API Product   :    Theobromine
CEP   :    -
WCC   :    ?
Therapeutic Use    :    Psychoanaleptics Excluding Anti-Obesity Preparations; Respiratory System; Cough And Cold Preparations; Other dermatological preparations; Cerebral and peripheral vasotherapeutics; Diuretics; Cardiac therapy; Anti-asthma and COPD Products
Psychoanaleptics Excluding Anti-Obesity Preparations; Respiratory System; Cough And Cold Preparations; Other dermatological preparations; Cerebral and peripheral vasotherapeutics; Diuretics; Cardiac therapy; Anti-asthma and COPD Products
Originator   :    Woskresensky
CAS No.    :    83-67-0
Trade Name.   :    -
Molecular Weight   :    180.164 g/mol
Molecular Formula   :    C7H8N4O2
Theobromine, or 3, 7-Dimethylxanthine, is the principle alkaloid in Theobroma cacao (the cacao bean) and other plants. A xanthine alkaloid that is used as a bronchodilator and as a vasodilator. It has a weaker diuretic activity than theophylline and is also a less powerful stimulant of smooth muscle.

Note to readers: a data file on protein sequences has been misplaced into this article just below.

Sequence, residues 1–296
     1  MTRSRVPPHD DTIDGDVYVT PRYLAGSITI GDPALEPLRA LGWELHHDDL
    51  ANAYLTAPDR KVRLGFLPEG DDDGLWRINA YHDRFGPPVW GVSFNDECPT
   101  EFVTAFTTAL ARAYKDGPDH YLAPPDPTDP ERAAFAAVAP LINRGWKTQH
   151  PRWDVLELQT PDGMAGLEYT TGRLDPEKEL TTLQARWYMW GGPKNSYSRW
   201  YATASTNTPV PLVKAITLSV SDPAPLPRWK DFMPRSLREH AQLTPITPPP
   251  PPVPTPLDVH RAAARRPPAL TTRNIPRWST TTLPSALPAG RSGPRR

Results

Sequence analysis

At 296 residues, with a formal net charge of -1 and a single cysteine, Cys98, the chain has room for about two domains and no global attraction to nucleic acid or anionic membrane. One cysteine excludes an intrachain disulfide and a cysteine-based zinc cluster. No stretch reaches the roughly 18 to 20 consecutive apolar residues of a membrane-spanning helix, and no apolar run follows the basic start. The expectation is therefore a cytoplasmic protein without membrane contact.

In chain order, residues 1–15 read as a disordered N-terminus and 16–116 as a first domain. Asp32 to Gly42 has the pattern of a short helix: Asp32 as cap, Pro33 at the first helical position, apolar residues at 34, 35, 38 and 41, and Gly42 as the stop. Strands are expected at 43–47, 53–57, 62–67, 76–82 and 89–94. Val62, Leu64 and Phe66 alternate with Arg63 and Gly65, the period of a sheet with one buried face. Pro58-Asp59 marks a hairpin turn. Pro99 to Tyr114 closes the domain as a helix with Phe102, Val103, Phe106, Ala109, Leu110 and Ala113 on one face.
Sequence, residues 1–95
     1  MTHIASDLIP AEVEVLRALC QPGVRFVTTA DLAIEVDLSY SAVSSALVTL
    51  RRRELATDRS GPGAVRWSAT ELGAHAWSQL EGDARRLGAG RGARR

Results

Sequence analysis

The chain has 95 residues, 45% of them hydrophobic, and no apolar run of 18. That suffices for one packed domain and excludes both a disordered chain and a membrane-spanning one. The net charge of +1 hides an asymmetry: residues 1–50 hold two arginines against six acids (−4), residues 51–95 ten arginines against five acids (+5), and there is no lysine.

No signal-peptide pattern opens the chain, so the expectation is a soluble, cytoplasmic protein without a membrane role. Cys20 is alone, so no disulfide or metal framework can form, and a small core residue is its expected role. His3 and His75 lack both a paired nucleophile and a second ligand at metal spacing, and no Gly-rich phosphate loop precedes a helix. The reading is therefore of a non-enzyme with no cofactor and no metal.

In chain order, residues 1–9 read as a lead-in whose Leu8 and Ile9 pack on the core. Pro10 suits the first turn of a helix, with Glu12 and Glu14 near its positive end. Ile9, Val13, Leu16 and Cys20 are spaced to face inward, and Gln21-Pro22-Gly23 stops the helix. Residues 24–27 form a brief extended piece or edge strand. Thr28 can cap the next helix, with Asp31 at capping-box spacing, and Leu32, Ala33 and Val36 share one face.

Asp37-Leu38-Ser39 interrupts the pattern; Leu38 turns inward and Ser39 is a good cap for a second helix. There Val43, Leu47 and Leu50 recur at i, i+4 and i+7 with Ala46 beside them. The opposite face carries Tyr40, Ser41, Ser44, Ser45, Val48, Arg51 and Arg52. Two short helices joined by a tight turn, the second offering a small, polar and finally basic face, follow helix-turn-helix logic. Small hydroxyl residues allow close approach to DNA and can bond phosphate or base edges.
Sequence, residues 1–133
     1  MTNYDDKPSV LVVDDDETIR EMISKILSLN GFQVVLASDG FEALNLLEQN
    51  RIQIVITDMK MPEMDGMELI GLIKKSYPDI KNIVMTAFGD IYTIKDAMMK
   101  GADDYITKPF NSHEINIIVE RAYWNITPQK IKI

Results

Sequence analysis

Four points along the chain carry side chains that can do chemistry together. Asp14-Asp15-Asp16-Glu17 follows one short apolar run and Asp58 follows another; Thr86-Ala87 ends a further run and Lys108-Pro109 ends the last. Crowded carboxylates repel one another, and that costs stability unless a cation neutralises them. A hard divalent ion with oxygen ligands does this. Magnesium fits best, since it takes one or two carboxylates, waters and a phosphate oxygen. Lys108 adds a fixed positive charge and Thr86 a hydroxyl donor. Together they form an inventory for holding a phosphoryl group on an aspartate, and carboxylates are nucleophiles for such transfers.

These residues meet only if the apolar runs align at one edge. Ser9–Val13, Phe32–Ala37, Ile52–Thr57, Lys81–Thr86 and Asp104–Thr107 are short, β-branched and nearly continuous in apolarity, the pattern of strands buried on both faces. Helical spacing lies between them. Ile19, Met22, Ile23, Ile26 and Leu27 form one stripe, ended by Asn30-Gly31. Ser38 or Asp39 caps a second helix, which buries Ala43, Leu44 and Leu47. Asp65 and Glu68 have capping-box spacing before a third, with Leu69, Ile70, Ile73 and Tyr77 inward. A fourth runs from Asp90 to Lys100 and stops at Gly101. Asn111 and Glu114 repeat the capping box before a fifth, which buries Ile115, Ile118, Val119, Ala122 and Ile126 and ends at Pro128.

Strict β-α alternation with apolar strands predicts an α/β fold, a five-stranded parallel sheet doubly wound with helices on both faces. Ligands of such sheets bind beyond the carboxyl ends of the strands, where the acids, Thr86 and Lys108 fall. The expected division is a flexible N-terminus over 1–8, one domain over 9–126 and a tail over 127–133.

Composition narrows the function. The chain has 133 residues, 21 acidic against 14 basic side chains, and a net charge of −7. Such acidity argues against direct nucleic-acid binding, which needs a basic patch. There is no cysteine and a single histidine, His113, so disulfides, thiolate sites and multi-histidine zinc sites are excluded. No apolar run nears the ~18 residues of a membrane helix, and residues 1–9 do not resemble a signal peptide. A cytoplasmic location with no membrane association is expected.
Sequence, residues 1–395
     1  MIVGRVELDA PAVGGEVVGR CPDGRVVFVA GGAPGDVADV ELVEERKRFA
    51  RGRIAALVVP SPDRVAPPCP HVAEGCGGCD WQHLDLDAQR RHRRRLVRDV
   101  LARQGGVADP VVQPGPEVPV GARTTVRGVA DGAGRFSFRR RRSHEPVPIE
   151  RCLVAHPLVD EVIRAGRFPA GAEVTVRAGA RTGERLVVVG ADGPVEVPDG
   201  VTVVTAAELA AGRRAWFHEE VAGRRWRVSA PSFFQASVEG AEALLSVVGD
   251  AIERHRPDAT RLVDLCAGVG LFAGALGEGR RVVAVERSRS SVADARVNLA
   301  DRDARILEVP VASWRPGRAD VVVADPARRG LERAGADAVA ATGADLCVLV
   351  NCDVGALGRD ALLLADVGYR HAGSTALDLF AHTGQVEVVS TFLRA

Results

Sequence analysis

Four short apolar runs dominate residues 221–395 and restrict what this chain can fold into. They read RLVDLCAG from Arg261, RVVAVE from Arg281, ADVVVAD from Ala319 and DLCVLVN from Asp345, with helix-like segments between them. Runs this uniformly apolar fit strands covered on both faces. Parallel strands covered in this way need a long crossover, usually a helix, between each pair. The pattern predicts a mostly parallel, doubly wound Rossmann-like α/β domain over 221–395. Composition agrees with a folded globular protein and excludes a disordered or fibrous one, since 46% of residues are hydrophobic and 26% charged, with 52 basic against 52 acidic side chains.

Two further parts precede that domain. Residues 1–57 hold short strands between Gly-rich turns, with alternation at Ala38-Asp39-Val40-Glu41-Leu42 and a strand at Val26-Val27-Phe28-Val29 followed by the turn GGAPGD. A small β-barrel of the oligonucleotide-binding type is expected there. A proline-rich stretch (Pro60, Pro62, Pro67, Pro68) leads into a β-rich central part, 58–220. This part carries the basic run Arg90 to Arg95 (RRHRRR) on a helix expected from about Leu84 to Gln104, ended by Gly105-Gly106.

Theobromine, formerly known as xantheose, is a bitter alkaloid of the cacao plant, with the chemical formula C7H8N4O2. It is found in chocolate, as well as in a number of other foods, including the leaves of the tea plant, and the kola nut. It is classified as a xanthine alkaloid, others of which include theophylline and caffeine. The compounds differ in that caffeine has an extra methyl group (see under Pharmacology section). Despite its name, the compound contains no bromine—theobromine is derived from Theobroma, the name of the genus of the cacao tree (which itself is made up of the Greek roots theo ("god") and broma ("food"), meaning "food of the gods") with the suffix -ine given to alkaloids and other basic nitrogen-containing compounds. Theobromine is a slightly water-soluble (330 mg/L), crystalline, bitter powder. Theobromine is white or colourless, but commercial samples can be yellowish. It has an effect similar to, but lesser than, that of caffeine in the human nervous system, making it a lesser homologue. Theobromine is an isomer of theophylline, as well as paraxanthine. Theobromine is categorized as a dimethyl xanthine.